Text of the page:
Paul Kurtz has died

Paul Kurtz, from Wikimedia CommonsPaul Kurtz (1925-2012), the great Humanist and founder of many organizations including the Center for Inquiry, the Council for Secular Humanism, and the Committee for Skeptical Inquiry, has passed away.  He was the author of the Humanist Manifesto 2000, and long-time editor of The Humanist and Free Inquiry.

While the kind of Humanism Kurtz represents is primarily Secular Humanism, rather than Religious or Spiritual Humanism, the man made great strides for Humanists of all stripes.

Dr. Kurtz gave an interview shortly before he passed away, and had this to say:

EV: Why do atheists need to focus on positive moral values, and not simply “atheism” and separation of church and state?

PK: This agenda is too limited. It marginalizes other issues of great importance. Atheists need to be committed to a moral compass, given the fact that totalitarian atheists (and secularists) have sometimes used terror to achieve their ends; it’s important that the means be ethical. In short, it is vital that we move beyond atheism. We need to develop, articulate, and defend ethical and moral alternatives, drawing upon science and humanistic wisdom, that speak specifically to human questions and concerns. We need to appeal to both the head and the heart. My basic point has remained the same: We need to defend and explicate a positive agenda of humanism — relevant to all. It needs to be constructive, prescriptive, and ethical. I have enunciated this view in virtually all of my writings. We cannot merely offer to the world negative critiques of religion. We have to be FOR something as well. We have to speak directly to the human condition.

As that quote demonstrates, Kurtz was a great proponent of moving beyond criticism of religion and embracing issues of social justice and humanitarian concern.  While that is to be expected from Humanism, it has not always been put into practice as much as it should be, perhaps.  Kurtz’ statement of Neo-Humanist principles and values lists sixteen recommendations:


  • aspire to be more inclusive by appealing to both non-religious and religious humanists and to religious believers who share common goals;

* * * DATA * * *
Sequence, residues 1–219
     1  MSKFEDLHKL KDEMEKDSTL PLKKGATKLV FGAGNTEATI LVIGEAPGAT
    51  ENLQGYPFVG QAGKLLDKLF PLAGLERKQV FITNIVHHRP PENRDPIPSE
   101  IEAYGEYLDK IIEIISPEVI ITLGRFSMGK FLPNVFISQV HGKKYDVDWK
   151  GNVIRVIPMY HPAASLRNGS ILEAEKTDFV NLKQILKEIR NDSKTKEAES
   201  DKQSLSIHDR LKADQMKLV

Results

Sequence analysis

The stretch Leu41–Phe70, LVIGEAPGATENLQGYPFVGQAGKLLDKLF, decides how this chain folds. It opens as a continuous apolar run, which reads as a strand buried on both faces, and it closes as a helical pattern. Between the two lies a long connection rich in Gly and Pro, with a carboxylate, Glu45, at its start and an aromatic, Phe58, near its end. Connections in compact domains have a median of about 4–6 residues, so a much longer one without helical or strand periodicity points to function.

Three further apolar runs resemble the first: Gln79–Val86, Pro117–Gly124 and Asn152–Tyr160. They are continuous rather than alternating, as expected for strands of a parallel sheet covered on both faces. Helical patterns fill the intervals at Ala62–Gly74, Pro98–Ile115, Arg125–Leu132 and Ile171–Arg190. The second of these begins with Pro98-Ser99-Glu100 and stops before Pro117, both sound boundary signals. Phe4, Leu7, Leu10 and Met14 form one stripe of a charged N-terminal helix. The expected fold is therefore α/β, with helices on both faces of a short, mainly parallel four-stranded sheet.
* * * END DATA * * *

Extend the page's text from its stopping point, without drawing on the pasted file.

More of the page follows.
• are skeptical of traditional theism;
  • are best defined by what they are for, not what they are against;
  • wish to use critical thinking, evidence, and reason to evaluate claims to knowledge;
  • apply similar considerations to ethics and values;
  • are committed to a key set of values: happiness, creative actualization, reason in harmony with emotion, quality, and excellence;
  • emphasize moral growth (particularly for children), empathy, and responsibility;
  • advocate the right to privacy;
  • support the democratic way of life, tolerance, and fairness;
  • recognize the importance of personal morality, good will, and a positive attitude toward life;
  • accept responsibility for the well-being of society, guaranteeing various rights, including those of women, racial, ethnic, and sexual minorities; and supporting education, health care, gainful employment, and other social benefits;
  • support a green economy;
  • advocate population restraint, environmental protection, and the protection of other species;
  • recognize the need for Neo-Humanists to engage actively in politics;
  • take progressive positions on the economy; and
  • hold that humanity needs  to move beyond ego-centric individualism and chauvinistic nationalism to develop transnational planetary institutions to cope with global problems—such efforts include a strengthened World Court, an eventual World Parliament, and a Planetary Environmental Monitoring Agency that would set standards for controlling global warming and ecology.

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